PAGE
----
“By analyzing isotopes in bones and teeth, we would potentially be able to build off of these fossil distributions to paint a more interesting ecological picture of the Terminal Pleistocene.”

Painting more interesting ecological pictures is a strong focus of Dr. Crowley’s work. A scientist who has travelled extensively throughout the world, her research has taken her to the Canary Islands, the Dominican Republic, Trinidad and Madagascar. Reading her blog and her website, one recognizes a distinct fondness for the aforementioned African country.

Embed from Getty Images

When asked if Madagascar was where her heart was, she responded, “In many ways, yes. Part of that is that I’ve devoted a lot of time and energy into learning a lot about it. So, now I’m invested.”

“There are certainly conservation issues in our own country,” she continued, “but there are other places–and Madagascar is one of them–where there’s a real need to try to make some changes happen now for future conservation and biodiversity management.”

“Up until recently, the recent past of Madagascar was rather understudied. It turns out that there are a lot of interesting questions that are still unanswered.”

Her website, Agoraphotia.com, describes her specific interests:

I investigate ecological interactions among living and recently extinct animals using stable isotope biogeochemistry. My interests include niche partitioning, conservation biology, and paleoecology. I am particularly interested in the causes and consequences of recent extinctions, and the ecological repercussions of habitat fragmentation and degradation.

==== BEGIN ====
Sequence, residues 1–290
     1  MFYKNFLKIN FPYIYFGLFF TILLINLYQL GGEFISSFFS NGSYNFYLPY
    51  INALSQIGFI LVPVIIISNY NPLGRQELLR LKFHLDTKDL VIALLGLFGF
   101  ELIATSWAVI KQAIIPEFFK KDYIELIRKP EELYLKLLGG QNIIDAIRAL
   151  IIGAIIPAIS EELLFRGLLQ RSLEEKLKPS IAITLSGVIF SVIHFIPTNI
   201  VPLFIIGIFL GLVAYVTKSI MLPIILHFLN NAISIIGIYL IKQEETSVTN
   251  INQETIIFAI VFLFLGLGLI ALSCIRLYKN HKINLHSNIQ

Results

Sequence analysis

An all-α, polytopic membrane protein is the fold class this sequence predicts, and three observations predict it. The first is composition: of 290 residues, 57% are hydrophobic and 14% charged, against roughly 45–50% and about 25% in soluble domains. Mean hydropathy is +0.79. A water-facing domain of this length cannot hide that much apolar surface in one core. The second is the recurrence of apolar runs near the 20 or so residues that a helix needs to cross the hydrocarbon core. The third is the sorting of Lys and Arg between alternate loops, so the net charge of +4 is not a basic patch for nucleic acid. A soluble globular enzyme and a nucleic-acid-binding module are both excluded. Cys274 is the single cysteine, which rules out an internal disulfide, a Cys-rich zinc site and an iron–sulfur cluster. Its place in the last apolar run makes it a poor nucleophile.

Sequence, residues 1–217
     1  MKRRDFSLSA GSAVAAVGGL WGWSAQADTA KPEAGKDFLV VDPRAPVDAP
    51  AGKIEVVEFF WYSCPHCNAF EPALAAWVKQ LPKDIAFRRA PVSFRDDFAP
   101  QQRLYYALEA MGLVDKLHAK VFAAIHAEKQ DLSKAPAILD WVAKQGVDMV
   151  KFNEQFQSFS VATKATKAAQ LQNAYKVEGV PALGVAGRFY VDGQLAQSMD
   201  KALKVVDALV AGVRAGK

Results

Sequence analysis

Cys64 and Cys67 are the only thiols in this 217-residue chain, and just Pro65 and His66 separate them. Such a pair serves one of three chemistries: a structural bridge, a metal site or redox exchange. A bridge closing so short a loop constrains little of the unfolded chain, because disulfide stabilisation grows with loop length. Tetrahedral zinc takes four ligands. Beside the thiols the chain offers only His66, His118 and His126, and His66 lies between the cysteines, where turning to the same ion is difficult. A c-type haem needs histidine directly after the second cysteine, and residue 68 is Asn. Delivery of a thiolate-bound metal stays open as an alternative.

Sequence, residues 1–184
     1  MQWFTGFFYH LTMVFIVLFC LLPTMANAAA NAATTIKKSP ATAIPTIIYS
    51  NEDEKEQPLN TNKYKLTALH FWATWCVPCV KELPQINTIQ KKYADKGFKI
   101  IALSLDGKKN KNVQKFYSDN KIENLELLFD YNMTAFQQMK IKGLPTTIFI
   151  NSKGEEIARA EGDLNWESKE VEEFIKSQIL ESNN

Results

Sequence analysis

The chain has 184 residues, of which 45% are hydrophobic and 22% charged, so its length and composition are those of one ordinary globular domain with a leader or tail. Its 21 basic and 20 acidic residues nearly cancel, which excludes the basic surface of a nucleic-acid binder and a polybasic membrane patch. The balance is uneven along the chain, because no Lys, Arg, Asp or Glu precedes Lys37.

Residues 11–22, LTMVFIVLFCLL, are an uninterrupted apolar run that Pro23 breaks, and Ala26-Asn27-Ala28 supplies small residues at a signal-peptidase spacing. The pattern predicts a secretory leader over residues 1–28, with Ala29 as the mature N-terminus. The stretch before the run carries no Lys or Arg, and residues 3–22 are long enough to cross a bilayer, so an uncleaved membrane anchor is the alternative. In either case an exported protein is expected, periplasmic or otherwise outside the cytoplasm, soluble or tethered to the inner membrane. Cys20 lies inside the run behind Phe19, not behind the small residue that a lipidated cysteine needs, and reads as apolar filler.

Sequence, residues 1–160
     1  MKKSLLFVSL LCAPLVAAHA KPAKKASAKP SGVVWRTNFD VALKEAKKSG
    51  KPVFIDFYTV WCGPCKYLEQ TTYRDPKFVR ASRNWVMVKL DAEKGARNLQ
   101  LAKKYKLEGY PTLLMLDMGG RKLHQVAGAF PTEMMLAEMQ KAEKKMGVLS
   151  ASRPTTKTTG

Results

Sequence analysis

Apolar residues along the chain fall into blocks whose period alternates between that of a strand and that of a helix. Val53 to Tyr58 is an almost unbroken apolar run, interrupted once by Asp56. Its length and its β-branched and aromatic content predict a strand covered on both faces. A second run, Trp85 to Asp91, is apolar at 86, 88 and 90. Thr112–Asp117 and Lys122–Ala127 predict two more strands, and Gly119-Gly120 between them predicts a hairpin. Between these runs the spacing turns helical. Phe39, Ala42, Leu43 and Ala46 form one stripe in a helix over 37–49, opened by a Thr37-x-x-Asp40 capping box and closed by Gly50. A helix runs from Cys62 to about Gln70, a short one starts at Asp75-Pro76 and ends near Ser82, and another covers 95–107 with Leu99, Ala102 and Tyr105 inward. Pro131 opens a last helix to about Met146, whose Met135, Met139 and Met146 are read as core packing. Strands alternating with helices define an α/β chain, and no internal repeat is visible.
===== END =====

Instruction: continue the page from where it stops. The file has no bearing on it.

She has studied fossilized rodents, lemurs and orangutans; she has researched climate change; she has studied plants and soil.

She lists research projects in which she has been involved:

•Assessing the utility of stable oxygen isotopes in distinguishing dietary niches.

•Distinguishing isotopic niches of fossil rodents in the Dominican Republic.

•Establishing the stable isotope ecology of modern and Prehistoric Trinidad.

•Exploring ecological change following human settlement on the Canary Islands.

•Identifying responses of the animal community to climate change and human impacts in Madagascar.

•Quantifying spatial variability in bioavailable strontium and assessing changes in mobility patterns of extinct and extant North American megafauna.

Prior to the University of Cincinnati, she lectured at the University of Toronto and volunteered at the Royal Ontario Museum in the OWLS (Open the World of Learning to Students) program.

She describes herself as “a relatively new professor in Cincinnati”, one who actively works to try and include students into her research projects. In this, she feels she has been successful, as she has had a number of students involved in her postdoctoral and graduate research and currently has students working with her in the lab.